Family lawyer Sandra M Rosenbloom discusses collaborative divorce help in Illinois and how its outcome differs from mediation. To understand which may be best for you, both collaborative divorce and mediation are explained.
“Can collaborative law help me settle my divorce more amicably? How is it different from mediation?”
“Amicable” and “divorce” do not have to be incompatible words. A broken marriage does not have to result in a broken family. If you can work towards cooperation, you will find that the result is always more amicable than litigation.
Collaborative Divorce and mediation are processes that incorporate cooperation. Both also share a common goal: to keep decision-making in the hands of the people who will be most affected by those decisions. Where Collaborative Divorce and mediation differ is the path that each process takes to help the parties reach this goal. Mediation lessens the risk of litigation; the collaborative process strives to eliminate it.
Attorneys practicing Collaborative Divorce are committed to settling marital and family disputes without litigation. Once a couple chooses the collaborative process, each retains his or her own separate, collaboratively-trained attorney. Each attorney then signs a contract binding the attorney from representing the client in court for any adversarial reason related to this issue or being called as a witness in the case.
Shedding their traditional adversarial roles, the lawyers work with the husband and wife as a team to resolve divorce- or child-related problems and to craft a settlement that will be in the best interests of the entire family. The husband and wife, and their respective attorneys, attend settlement-negotiation conferences together. When advisable, the “team” may decide to seek outside expert advice from financial neutrals, coaches, or child or family therapists. Unlike the litigation process, experts are brought on board to help the family, not to help one side against the other. Mediators may also be brought in to work through any impasses that may develop.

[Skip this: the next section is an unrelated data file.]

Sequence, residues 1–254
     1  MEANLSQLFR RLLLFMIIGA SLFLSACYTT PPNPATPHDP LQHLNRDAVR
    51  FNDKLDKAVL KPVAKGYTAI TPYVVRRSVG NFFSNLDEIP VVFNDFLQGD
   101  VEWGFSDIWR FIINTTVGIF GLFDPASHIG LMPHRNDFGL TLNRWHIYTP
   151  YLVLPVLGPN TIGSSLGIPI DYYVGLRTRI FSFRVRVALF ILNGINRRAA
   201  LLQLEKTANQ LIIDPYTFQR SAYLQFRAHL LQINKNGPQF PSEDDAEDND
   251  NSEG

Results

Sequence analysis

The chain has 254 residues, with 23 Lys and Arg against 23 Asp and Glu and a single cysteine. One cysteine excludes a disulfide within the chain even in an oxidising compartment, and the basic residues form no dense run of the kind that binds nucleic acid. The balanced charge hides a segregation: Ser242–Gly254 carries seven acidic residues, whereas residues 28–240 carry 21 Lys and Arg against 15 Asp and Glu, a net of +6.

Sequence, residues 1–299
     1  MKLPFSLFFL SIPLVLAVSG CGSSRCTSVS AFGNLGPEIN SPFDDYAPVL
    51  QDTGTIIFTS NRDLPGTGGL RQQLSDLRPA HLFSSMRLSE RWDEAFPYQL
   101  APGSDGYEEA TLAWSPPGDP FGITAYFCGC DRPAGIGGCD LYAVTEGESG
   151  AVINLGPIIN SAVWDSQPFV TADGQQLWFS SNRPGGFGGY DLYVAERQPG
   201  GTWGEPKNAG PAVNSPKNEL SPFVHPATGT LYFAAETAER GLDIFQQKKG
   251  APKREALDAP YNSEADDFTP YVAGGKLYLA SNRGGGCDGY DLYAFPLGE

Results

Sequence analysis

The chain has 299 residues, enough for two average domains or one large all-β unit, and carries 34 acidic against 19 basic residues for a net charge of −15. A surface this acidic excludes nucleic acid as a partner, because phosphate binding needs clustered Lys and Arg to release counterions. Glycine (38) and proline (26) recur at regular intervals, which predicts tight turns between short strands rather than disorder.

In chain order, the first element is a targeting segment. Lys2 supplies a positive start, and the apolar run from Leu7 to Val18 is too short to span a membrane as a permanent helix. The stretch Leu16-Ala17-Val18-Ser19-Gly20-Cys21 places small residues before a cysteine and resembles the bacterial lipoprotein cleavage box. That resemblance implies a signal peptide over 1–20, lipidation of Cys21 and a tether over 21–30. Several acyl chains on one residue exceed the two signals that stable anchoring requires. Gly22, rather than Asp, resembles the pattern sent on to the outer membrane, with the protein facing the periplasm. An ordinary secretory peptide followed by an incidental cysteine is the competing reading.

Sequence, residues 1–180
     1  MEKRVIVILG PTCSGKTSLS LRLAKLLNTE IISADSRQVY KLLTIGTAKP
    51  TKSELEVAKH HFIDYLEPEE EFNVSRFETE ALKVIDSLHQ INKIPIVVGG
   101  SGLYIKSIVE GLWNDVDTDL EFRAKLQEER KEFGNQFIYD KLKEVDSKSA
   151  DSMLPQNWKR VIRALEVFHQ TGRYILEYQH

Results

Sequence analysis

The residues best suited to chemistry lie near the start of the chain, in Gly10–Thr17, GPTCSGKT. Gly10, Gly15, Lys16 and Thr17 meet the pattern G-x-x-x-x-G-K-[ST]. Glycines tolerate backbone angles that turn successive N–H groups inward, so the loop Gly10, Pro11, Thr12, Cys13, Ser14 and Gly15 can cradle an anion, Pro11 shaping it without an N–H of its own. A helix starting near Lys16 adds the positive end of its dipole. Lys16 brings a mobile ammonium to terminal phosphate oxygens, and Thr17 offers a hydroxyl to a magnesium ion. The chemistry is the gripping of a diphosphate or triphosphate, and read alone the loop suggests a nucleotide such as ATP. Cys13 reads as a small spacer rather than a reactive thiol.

Collaboratively-trained attorneys can advise and suggest; mediators are ethically prevented from giving legal advice. Because of the need for at least one lawyer to draft and file the divorce papers and conclude the case in court (it is important to remember that ethically, one lawyer can only represent one client), divorce mediation does not dispense with the need for lawyers. Occasionally, after completing mediation and reaching a settlement, a couple may have to go back to mediation or even abandon it for the traditional, adversarial litigation process because they failed to adequately address legal issues during the process.
Litigation pits one spouse against the other. It usually leads to divisiveness. Mediation and collaborative law give a choice “outside the box” of litigation to divorcing couples. Having these choices helps divorcing couples feel empowered, not overpowered, by the process. Making these choices gives a husband and wife the opportunity to work cooperatively — and yes, even amicably — together to end their marriage without ending their family.
Still need more help with the divorce process in Illinois? Read the article: Podcast: Preparing for Divorce in Illinois to better understand how it all works.
Sandra M Rosenbloom concentrates on Mediation and Collaborative Family Law at her Northfield, IL office.
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